NEWSFLASH! In September I will join The Conversation as its Business and Economy Editor. I have been honoured to work at The Age for the past ten years, originally alongside the legendry Tim Colebatch, and for the past four years as economics editor in my own right.

At The Conversation, my job will be to make the best thinking from Australia's 40 univerisites accessible to the widest possible audience. That means you. From the new year I will also write a weekly column.

On this site are most of the important things I have written for Fairfax and the ABC over the past few decades. I recommend the Search function. The site is a record for you, as well as me.

I'll continue to post great things from The Conversation and other places here, and also on Twitter and Facebook. Enjoy.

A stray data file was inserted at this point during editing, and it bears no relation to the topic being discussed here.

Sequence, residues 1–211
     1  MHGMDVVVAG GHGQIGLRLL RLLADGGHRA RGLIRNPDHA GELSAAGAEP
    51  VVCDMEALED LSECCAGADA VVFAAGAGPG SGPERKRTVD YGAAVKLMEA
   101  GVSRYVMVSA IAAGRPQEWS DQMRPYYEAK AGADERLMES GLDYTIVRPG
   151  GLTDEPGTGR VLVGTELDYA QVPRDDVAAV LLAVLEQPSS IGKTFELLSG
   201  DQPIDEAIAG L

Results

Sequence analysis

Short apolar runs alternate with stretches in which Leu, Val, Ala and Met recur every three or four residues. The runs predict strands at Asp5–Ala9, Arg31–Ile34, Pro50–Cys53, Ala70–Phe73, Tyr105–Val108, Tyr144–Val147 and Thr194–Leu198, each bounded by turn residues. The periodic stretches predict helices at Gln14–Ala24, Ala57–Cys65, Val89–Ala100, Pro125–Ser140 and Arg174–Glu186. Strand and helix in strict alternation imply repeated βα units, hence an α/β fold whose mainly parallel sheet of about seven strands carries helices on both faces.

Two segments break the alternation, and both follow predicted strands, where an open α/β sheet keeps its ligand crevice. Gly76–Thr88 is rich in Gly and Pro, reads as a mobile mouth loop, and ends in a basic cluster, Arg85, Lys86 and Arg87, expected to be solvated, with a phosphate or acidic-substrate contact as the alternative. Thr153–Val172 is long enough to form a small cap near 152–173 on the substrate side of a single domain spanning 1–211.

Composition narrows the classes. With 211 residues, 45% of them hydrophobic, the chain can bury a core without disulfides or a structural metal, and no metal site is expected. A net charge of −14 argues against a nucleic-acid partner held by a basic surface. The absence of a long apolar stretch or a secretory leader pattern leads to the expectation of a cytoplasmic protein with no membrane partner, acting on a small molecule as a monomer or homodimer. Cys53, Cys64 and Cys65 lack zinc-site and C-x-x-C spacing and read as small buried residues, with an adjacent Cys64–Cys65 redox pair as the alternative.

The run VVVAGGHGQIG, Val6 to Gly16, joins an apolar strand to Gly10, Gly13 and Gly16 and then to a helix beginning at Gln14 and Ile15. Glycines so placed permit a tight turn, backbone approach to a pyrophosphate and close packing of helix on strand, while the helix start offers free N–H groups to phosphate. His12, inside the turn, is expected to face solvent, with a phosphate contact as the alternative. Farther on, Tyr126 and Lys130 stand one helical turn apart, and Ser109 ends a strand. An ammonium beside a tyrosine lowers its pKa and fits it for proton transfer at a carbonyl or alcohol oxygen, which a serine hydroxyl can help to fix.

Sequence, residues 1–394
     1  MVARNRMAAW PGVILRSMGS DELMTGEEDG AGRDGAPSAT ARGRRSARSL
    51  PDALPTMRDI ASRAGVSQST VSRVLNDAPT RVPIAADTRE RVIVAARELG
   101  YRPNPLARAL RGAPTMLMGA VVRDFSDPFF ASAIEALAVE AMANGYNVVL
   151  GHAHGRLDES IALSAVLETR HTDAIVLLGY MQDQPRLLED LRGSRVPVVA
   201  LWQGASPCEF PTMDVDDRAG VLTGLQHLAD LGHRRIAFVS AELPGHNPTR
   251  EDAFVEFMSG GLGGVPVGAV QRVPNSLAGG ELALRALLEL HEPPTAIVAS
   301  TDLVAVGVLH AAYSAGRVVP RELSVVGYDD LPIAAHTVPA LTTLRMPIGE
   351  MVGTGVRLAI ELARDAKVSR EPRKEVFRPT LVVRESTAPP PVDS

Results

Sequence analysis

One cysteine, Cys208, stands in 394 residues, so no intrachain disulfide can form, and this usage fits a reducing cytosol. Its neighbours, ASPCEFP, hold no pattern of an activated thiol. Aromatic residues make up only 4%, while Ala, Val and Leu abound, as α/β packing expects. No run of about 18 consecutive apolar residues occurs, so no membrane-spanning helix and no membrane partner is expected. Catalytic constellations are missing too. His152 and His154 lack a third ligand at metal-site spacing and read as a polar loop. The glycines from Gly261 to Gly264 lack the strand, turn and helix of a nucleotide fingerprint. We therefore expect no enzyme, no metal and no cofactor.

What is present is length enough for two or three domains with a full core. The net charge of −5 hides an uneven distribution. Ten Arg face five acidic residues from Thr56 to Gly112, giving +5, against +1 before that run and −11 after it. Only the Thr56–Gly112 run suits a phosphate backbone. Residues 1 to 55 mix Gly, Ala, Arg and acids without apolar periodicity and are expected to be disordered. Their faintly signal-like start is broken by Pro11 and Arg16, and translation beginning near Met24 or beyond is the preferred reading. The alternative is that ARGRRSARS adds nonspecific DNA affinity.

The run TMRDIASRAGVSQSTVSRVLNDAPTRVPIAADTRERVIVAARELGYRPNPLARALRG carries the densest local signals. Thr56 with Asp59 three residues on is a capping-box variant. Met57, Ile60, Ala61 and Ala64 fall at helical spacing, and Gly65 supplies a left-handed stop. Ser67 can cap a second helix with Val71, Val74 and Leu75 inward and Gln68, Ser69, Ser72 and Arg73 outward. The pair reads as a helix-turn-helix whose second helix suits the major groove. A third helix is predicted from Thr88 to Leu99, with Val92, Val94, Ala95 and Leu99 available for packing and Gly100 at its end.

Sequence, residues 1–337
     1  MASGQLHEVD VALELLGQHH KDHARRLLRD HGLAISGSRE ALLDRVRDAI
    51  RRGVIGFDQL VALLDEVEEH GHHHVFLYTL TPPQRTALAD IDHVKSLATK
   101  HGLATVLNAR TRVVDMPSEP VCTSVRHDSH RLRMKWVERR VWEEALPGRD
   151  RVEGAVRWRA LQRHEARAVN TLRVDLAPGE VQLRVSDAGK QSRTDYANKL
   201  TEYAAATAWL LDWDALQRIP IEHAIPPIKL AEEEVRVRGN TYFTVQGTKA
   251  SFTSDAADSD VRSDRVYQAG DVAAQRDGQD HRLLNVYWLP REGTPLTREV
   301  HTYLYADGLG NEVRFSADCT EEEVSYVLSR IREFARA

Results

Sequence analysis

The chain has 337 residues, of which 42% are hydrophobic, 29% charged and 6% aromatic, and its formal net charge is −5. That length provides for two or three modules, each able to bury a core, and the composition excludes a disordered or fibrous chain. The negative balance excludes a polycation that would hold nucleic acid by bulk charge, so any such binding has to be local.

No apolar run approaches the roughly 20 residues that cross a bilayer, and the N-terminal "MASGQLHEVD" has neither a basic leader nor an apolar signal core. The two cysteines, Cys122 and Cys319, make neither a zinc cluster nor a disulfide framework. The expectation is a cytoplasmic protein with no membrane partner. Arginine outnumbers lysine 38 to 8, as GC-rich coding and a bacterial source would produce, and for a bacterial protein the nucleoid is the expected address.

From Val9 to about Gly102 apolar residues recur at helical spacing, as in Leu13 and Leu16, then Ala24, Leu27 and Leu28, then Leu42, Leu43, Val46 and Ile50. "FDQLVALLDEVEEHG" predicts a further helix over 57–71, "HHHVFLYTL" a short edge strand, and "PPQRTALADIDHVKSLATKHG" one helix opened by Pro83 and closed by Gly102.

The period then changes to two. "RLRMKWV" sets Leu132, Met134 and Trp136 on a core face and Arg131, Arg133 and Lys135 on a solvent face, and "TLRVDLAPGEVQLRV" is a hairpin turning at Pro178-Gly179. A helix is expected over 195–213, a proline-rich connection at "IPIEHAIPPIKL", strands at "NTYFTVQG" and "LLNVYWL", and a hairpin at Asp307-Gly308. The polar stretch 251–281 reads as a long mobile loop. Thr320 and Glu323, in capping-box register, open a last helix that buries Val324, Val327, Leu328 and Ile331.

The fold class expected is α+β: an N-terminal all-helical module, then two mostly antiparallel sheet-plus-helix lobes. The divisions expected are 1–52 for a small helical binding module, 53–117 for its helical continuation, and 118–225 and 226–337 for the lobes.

Friday, June 25, 2010

What's the government's offer?


Katharine Murphy had the story Thursday. It got overshadowed.


"The government has resolved to change its controversial resources super profits tax so that it is similar in design to the existing petroleum rent tax.

It will use additional revenue generated by higher commodity prices forecast for petroleum, iron ore and coal to fund transition arrangements for the industry, which has fought tooth and nail against the proposal.

The government will leave minor players in the sector — such as sand, gravel and also commodities such as nickel — outside the super profits net.

It has backed in solidly behind the 40 per cent rate — but it will boost the level at which the tax cuts in and modify its original plan to carry the industry's losses."



It'll be Gillard's compromise in name only, unless she tweaks it.


Related Posts

. No way back, no way out - the miners don't want a deal

. Mining is unprofitable, in an important sense

. Who wins? Who loses? This is worth reading